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The fatal arrest of Manuel Ellis, another black man who yelled “I can’t breathe,” explained

A medical examiner ruled Ellis’s death as a homicide caused by a lack of oxygen and physical restraint.

A diverse, masked crowd is packed onto a street under a cloudy sky. A black man with short braids stands at the front of the group, and raises a white sign with black letters and pink hearts reading, “#Justice 4 Manny.”
A June 3 vigil for Manuel Ellis, a black man killed by police in Tacoma, Washington, in March 2020.
Jason Redmond/AFP/Getty Images

Manuel Ellis, a 33-year-old black man from Tacoma, Washington, can be heard screaming, “I can’t breathe” in police dispatcher audio released Friday. The recording was made shortly before Ellis’s death in police custody — and in it, he echoes the words of other black men who were killed during their arrests, like George Floyd and Eric Garner.

Ellis was arrested in Tacoma on March 3; officers said they saw him “trying to open car doors of occupied vehicles,” according to the police department. Officers also said Ellis violently confronted them first, but Sara McDowell, a witness who was in a vehicle behind the arresting officer’s car, told the New York Times the police first provoked Ellis. When Ellis walked up to the police vehicle, an officer knocked him to the ground by opening the car door, she said. Videos recorded by McDowell, released on Friday, show police officers punching Ellis as he lies on the ground and telling him to put his hands behind his back.

“I was terrified for his life, honestly,” McDowell told the Times. “The way that they attacked him didn’t make sense to me. I went home and was sick to my stomach.”

An audio recording of a police dispatch reveals Ellis screaming “I can’t breathe.” It’s unclear what kind of restraints the police used because they weren’t wearing body cameras, the Times reported, but the police report filed about the arrest states officers put a “spit hood” — a mask meant to keep an arrested person from spitting or biting officers — around Ellis’s face. Minutes later, the officers can be heard requesting an ambulance.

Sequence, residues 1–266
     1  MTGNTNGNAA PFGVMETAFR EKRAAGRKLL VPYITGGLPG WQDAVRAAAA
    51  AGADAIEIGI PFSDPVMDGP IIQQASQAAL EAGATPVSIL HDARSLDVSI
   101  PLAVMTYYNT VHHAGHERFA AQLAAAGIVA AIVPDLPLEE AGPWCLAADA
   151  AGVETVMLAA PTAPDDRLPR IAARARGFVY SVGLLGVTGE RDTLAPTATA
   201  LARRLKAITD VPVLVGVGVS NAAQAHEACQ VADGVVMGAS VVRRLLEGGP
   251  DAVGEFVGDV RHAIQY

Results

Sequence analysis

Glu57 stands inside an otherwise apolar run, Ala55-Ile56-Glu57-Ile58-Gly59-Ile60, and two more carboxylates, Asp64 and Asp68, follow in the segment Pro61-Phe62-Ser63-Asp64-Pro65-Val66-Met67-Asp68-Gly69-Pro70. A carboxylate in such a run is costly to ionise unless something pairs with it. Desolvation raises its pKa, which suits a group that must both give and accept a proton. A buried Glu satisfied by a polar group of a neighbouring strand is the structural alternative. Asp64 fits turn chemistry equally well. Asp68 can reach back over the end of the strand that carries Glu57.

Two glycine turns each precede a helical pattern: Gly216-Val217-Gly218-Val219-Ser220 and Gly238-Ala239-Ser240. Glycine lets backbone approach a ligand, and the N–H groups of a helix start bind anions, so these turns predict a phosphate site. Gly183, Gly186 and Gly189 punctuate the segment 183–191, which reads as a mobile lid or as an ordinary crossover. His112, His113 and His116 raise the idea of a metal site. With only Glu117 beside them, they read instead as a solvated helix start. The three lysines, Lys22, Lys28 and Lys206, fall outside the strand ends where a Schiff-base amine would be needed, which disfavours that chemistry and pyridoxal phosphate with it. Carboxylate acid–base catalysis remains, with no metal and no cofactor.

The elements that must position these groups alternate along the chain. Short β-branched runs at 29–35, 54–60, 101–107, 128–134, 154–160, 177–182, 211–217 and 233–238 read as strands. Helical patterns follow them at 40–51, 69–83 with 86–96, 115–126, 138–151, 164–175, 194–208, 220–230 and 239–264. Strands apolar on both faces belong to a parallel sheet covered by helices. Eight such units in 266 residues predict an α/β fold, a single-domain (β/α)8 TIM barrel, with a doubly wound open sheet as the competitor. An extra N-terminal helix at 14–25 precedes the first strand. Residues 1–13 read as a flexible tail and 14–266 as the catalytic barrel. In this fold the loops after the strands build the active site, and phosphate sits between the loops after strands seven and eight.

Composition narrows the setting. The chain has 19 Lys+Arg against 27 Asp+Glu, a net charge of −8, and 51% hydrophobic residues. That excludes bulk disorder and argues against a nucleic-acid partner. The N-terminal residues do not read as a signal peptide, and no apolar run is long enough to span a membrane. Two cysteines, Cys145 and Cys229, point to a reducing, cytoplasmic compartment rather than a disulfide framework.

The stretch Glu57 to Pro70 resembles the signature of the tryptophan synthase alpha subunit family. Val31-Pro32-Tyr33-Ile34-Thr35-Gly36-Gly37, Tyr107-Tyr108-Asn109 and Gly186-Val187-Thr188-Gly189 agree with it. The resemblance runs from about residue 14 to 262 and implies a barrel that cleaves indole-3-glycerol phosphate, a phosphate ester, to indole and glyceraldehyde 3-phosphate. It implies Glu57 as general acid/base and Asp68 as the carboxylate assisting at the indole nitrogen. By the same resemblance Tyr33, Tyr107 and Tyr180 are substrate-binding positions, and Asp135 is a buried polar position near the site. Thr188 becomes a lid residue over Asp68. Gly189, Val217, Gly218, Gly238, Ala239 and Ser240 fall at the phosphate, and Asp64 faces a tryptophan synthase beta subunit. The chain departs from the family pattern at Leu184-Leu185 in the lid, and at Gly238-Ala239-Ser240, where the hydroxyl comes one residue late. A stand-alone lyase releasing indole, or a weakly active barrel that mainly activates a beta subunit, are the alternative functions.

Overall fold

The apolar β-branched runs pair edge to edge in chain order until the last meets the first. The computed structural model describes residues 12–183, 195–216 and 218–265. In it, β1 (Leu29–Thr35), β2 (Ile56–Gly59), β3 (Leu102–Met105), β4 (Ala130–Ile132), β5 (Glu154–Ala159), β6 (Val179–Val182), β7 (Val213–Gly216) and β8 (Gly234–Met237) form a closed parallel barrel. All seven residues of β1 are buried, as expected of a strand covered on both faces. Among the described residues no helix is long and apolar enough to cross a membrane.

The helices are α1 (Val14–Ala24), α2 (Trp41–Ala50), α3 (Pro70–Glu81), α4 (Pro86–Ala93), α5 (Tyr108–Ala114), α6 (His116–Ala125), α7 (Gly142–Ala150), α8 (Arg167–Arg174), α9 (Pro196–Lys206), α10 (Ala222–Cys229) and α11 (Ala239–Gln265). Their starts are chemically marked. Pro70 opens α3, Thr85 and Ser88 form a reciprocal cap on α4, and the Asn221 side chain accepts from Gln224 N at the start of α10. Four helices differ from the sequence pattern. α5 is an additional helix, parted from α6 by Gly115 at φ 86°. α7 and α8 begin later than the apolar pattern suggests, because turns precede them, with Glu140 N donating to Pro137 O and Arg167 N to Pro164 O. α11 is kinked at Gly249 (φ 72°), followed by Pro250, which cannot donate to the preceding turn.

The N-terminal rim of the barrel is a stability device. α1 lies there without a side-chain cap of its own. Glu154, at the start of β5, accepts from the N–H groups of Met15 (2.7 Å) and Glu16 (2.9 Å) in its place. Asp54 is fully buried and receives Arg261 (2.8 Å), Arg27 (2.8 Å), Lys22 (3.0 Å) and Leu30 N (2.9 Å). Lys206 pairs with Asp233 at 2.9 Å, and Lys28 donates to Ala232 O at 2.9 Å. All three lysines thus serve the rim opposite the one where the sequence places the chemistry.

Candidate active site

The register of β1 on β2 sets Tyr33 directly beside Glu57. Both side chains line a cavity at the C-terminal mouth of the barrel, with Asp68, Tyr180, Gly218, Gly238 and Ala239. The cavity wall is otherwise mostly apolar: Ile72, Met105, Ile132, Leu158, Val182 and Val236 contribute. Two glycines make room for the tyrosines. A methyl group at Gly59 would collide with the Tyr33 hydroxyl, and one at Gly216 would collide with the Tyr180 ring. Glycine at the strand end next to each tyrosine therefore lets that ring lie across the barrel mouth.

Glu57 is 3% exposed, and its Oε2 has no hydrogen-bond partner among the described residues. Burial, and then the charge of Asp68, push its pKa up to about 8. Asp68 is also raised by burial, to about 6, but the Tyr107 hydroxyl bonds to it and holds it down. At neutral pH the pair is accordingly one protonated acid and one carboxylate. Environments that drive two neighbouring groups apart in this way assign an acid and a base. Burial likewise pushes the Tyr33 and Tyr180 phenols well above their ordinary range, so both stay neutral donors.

Ed Troyer, spokesman for the Pierce County Sheriff’s Department, told KIRO that the officers rolled Elllis to his side when he said he couldn’t breathe. He was still breathing when the medics arrived but died soon after, Troyer said.

A medical examiner’s report ruled Ellis’s death as a homicide on Wednesday after concluding that he had died from a lack of oxygen and physical restraint. The four officers involved in Ellis’s arrest — Christopher Burbank, Masyih Ford, Matthew Collins, and Timothy Rankine — were placed on administrative leave that same day, but none have been charged yet, something Tacoma Mayor Victoria Woodards has demanded happen.

“The officers who committed this crime should be fired and prosecuted to the fullest extent of the law,” Woodards said Friday.

The mayor’s reaction has spurred criticism from the Tacoma police union, which rebuked her in an open statement Thursday for calling the officers “criminals” before the investigation was concluded. And while they acknowledged George Floyd’s death as “repugnant to the badge,” they wrote that Ellis’s death was different.

“But understand; Tacoma is not Minneapolis. The incident involving Mr. Ellis here in Tacoma was not the same as the incident involving Mr. Floyd,” the statement read.

Ellis’s family disagrees, however.

“Manny was taken from me, he was murdered,” Marcia Carter, Manuel Ellis’s mother, said during a Thursday press conference.

The Pierce County Sheriff’s Department is conducting an independent investigation on the incident, and Gov. Jay Inslee said the state would hold its own investigation afterward.